Battle Lines Drawn Over a Greener Grass Cutter
May 23, 2006
A fierce battle is being waged between environmentalists and a powerful lobby over a staple of suburbia the lawnmower, or specifically, the lawnmower engine's emissions.
It all depends on a regulatory war that is brewing over the small engines and air quality.
Small as they are, lawn mower engines (along with leaf blowers and power trimmers) are polluters, releasing significant amounts of carbon monoxide and ozone-producing pollutants into the air. Now, California environmentalists take smog seriously, and perhaps rightly so. After all, California sat comfortably at the top of the American Lung Association's (via Forbes) list of "10 Most Polluted U.S. Cities," with six of the 10 most polluted U.S. cities lying in the state. Despite engine size and tightened regulations, mowers remain serious polluters.
The New York Times recently reported the following data:
Gallon for gallon or, given the size of lawnmower tanks, quart for quart the 2006 lawn mower engines contribute 93 times more smog-forming emissions than 2006 cars, according to the California Air Resources Board. In California, lawn mowers provided more than 2 percent of the smog-forming pollution from all engines.
Six million new combustion-engine lawn mowers are sold each year in the United States. Consider the collaboration of hydrocarbons and nitrogen oxides from a push mower's exhaust and, hey, you've got smog!
In California, a pending regulation scheduled to take effect next year, if the Environmental Protection Agency (EPA) approves would tighten emission requirements for small engines, cutting 22 tons of smog-forming chemicals from the state's air daily. That is the equivalent of more than 800,000 cars a day. As such, air pollution regulators have suggested new standards.
One way manufacturers could meet the new lawn mower standards is to add catalytic converters to their engines. Catalytic converters, those golf ball-sized attachments, reduce the toxicity of emissions from an internal combustion engine. The small devices, which pull smog-forming chemicals and carbon monoxide out of the exhaust, would reduce pollution by 80 percent, according to one study. Catalytic converters have been required on all California motor vehicles for more than 30 years.
Although they've been on car engines since the 1970s, catalytic converters have not been embraced by mower manufacturers, who worry that the devices will increase the chance of engine fires.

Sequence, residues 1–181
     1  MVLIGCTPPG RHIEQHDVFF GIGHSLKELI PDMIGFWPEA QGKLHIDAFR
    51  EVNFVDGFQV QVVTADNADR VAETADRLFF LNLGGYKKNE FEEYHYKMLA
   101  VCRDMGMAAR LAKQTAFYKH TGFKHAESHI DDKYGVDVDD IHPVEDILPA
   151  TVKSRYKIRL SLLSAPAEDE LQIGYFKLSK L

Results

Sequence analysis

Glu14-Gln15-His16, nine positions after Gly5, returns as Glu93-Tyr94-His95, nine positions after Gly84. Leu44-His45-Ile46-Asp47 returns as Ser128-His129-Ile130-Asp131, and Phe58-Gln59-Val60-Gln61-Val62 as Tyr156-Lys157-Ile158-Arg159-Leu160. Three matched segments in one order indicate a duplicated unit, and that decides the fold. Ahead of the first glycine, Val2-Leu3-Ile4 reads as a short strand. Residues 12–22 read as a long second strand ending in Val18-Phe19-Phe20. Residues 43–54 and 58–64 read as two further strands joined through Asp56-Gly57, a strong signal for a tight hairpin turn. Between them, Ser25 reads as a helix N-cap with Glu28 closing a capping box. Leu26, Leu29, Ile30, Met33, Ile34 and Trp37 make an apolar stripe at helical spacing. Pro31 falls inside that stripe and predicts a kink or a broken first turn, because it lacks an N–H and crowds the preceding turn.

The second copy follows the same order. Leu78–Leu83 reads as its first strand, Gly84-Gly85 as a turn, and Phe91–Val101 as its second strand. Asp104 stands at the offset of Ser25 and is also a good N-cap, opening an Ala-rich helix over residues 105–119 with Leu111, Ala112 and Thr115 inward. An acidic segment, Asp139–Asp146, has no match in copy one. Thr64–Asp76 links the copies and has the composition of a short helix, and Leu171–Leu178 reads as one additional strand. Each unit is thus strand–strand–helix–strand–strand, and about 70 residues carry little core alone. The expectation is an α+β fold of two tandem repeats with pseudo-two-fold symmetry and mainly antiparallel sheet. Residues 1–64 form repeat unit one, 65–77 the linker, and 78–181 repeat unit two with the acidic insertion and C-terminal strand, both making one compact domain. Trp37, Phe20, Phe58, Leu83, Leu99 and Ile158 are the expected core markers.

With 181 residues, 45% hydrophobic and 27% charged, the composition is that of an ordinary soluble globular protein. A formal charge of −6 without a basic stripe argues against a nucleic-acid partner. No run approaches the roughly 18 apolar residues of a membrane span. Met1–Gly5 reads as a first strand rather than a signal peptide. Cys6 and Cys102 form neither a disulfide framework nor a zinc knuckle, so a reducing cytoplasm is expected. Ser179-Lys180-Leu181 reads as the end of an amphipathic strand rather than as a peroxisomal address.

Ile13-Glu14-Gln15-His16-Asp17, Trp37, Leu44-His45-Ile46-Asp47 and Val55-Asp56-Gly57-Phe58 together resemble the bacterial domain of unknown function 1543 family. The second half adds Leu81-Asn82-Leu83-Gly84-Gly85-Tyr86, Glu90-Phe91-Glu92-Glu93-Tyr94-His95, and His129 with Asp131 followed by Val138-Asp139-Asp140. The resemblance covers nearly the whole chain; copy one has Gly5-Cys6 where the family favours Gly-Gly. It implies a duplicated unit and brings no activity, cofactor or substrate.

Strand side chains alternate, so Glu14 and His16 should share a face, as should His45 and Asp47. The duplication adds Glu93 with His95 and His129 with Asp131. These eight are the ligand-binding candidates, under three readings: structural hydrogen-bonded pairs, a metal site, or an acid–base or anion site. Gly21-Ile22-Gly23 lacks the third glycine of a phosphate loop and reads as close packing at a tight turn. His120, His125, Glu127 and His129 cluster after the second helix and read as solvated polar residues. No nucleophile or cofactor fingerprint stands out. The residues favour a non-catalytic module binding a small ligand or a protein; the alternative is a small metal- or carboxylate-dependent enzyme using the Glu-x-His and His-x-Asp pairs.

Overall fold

Briggs & Stratton, the dominant engine maker in lawn care equipment, argues that the converters could "add a dangerous amount of heat to already hot engines, creating a fire hazard." But the company takes it further and, with some other American equipment makers, says that smog-forming emissions from the company's engines manufactured today average 75 percent less than 1990 models.
Nevertheless, California is considering legislation to tighten emission requirements for small engines, a political move Briggs & Stratton and Senator Christopher "Kit" Bond are fighting fiercely.
Sen. Bond (R-Mo.), the powerful chair of the Senate appropriations subcommittee that controls spending for both the EPA and the Federal Trade Commission (FTC), has repeatedly put hurdles in front of regulators. Bond attempted to terminate lawn mower reform legislation both in 2003 and in 2005; he was able to limit legislation significantly by causing it to apply only to California and to delay implementation until 2007
Bond's main adversaries are regulators in California, who have largely independent authority to set air emission standards independent of the EPA.
Bond, whose state is home to two Briggs & Stratton factories, says catalytic converters would cause lawn mowers to become extreme fire hazards. Two studies of lawn mower fire hazards posed by increased air quality regulations have been undertaken under Bond's measures. Both studies, one by the EPA and one by the National Research Council, were issued in March 2006. According to NYT, "the research council report was a paean to California's regulatory leadership. And the E.P.A. said the new standards for lawn and garden equipment could be met safely."
In the 1990s, the California Air Resources Board first put controls on emissions from these engines and subsequently tightened them, the New York Times noted. The new, tougher standards they drafted in 2003 would be the first that are likely to require the addition of a catalytic converter.
The entire argument is reminiscent of a similar one made by automakers prior to the government requiring the devices three decades ago, of Detroit's initial resistance to those who wanted clean up car exhaust by installing catalytic converters, which pull smog-forming chemicals and carbon monoxide out of the exhaust.
Yet four small-engine makers say that their engineers have figured out how to meet the pollution standards safely, with or without the devices.
The EPA may tighten its national standard to mirror that set in California. The agency is due to produce a draft of a new rule by year's end.
So the argument rages on: on one side, the federal EPA and California state regulators; on the other, the largest lawn and garden equipment maker in the country and a powerful Republican senator. And in between, the six million lawn mowers sold each year, as well as the air we breathe.
A Greener Way to Cut the Grass Runs Afoul of a Powerful Lobby by Felicity Barringer The New York Times, April 24, 2006
Straight Talk on Engine Emissions Briggs & Stratton, May 2006
EPA Technical Study on the Safety of Emission Controls for Nonroad Spark-Ignition Engines Below 50 Horsepower U.S. Environmental Protection Agency, March 2006
State and Federal Standards for Mobile Source Emissions Committee on State Practices in Setting Mobile Source Emissions Standards, National Research Council, 2006
America's Most Polluted Cities
by Robert Malone
Forbes, March 22, 2006